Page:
Hayes Davis
Photo: Brandon D. Johnson

Hayes Davis is the author of Let Our Eyes Linger (2012), poetry examining his life as son, grandson, father, husband, artist, and schoolteacher while exploring racial identity and the plight of black men. Poet Toi Derricote wrote that “Davis’ poems invite comparisons with Robert Hayden and Gwendolyn Brooks’ poems of 20th century family life.” He teaches at the English and serves as the assistant director of Institutional Equity, Access, and Belonging at Sandy Spring Friends School .

See through Poems: Ellicott City at 250

by Susan Thornton Hobby, Project consultant and editor

photo by David Hobby

Before Ellicott City was a hip tourist magnet, before the coffee shops and antique stores, even before the flour mills, the spot was just a funnel of granite and trees leading down to the river. For centuries, the Patapsco River, which the Algonquins named pota-psk-ut, was the source of all life – transport, food, and power. Two hundred and fifty years ago, three Quaker brothers bought 700 acres along the Patapsco River and founded a mill town.

To celebrate Ellicott City’s anniversary, HoCoPoLitSo has pulled together a collection of 25 poems that speak to the town’s history, commerce, and people. The poems will be on display in Main Street merchants’ windows from April through June in a project called See through Poems, and will be collected into a book. This project is a partnership between HoCoPoLitSo and EC250, the group founded to organize activities around the sesquicentennial (that’s the fancy name for a 250th anniversary).

Former Baltimore Sun reporter and longtime publisher of the Little Patuxent Review, Mike Clark, wrote the foreword to the collection of poems.

“Celebrating 250 years of Ellicott City history in poetry is a gift HoCoPoLitSo has bequeathed us,” Clark wrote. “Two dozen poets give voice to the history of Ellicott City in this unique literary venture by the Howard County Poetry and Literature Society. A walk down Main Street to the B&O trestle and station and beyond to the churning waters of the Patapsco River reveals poems posted on storefront windows that speak to life in the old mill town.”

The collection includes poems by or about Ellicott City residents, poems about trains and wheat, lines about history and ghosts.

Through the eyes of poets, history will be on display in merchants’ windows up and down Main Street from April 1 through June.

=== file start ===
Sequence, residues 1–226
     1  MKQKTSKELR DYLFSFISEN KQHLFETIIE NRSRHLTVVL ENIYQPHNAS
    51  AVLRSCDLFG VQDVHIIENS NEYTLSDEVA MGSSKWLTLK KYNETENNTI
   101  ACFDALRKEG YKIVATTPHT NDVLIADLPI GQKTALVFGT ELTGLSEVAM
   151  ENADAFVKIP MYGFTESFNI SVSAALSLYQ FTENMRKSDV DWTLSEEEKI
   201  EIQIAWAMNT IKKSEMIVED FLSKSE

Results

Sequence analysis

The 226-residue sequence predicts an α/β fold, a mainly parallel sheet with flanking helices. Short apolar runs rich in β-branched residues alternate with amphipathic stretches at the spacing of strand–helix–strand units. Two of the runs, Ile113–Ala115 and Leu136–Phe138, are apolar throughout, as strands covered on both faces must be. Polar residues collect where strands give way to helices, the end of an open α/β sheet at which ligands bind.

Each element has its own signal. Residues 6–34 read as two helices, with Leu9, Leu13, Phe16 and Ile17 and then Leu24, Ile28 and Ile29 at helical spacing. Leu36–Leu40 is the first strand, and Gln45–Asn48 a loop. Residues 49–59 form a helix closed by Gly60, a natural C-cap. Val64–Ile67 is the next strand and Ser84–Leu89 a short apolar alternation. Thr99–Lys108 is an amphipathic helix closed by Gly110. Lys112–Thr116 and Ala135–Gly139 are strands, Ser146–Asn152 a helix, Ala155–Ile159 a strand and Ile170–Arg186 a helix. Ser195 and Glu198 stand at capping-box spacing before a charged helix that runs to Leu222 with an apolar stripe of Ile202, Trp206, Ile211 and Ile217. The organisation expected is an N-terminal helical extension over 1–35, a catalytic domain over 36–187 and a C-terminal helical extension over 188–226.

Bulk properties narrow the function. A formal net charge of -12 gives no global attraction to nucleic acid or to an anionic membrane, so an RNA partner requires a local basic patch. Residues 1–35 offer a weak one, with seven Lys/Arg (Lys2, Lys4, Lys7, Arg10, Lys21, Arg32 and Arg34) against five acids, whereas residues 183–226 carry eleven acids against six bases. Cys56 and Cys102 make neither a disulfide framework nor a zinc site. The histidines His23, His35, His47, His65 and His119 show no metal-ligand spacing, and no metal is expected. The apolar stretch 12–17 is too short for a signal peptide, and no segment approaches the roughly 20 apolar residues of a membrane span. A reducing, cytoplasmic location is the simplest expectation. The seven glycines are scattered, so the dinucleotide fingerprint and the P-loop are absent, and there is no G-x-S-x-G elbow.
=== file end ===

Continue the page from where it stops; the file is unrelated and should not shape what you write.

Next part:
Then in June, we’ll host two events to celebrate the project. To open and close the celebration of the Patapsco Female Institute’s historical garden, HoCoPoLitSo will offer poems read by actors on Saturday, June 4, 11 a.m. And join us Sunday, June 12, starting at 3 p.m. at the Museum of Howard County in Ellicott City for a reading showcasing poems that speak to the town’s history, commerce, and people. County Council member Liz Walsh will open the reading with her poetic remarks about the town.

Local poets, community members, and special guests will read selections from the collection. A reception will follow the reading. 

For more information about the collection, visit these pages. Watch this space to register to attend the reading in June. And for more information about events in Ellicott City to celebrate the anniversary, visit www.ec250.com.

Meet Liz Holland – second place winner of the Ellen Conroy Kennedy Poetry Prize 2021

Liz Holland reads “Lifeboy Swept Away”

In 2021, Howard County Poetry and Literature Society launched the Ellen Conroy Kennedy Poetry Prize in honor of its founding member, Ellen Conroy Kennedy. The contest received more than 100 submissions in its inaugural year, and the selection committee chose Liz Holland’s poem “Lifeboy Swept Away” as the second place winner. The committee cited the poem’s “intensely memorable images, elegiac tone, and vivid language that lingers with you… especially the ending: ‘The small waves/ashamed of what they hold, fold at my feet./Wading deeper, I cup my hands and take one/salted sip, carrying you as far away as you’ll go.’”

HoCoPoLitSo: Tell us about your poem “Lifeboy Swept Away.” How did it come about? What sparked or inspired it?

LH: This poem was written on the tenth anniversary of losing my friend to suicide. We grew up on the same street, celebrated holidays together (our families still do), and had much in common. He had a zest for life that I have yet to find in anyone else, though struggled desperately with his mental health. I sat down to write about something completely different and this poem pushed its way out. Travis has a way of showing up like that. I see him when I’m driving on the highway, in the local convenience store, and especially in proximity to the Chesapeake Bay. I welcome his energy when it floats in and found this piece to be a lovely way to honor him after a decade of absence. 

HoCoPoLitSo: What was an early experience where you learned that language had power?

LH: I must have been around five when my mom realized my need for communication. I had such a desire to understand and to be understood. I asked a ton of questions (much to the annoyance of my mom who had four other kids to care for!) and overanalyzed everything with her throughout my teenage years. Language served a languishing purpose as I couldn’t quite express my internal world with the words available to me. I realized a certain power in language when I took my first poetry class in undergrad. I can’t tell you who I read or what my professor’s name was, but something new became available to me through writing – it truly saved my life while I, too, struggled with mental health in my twenties.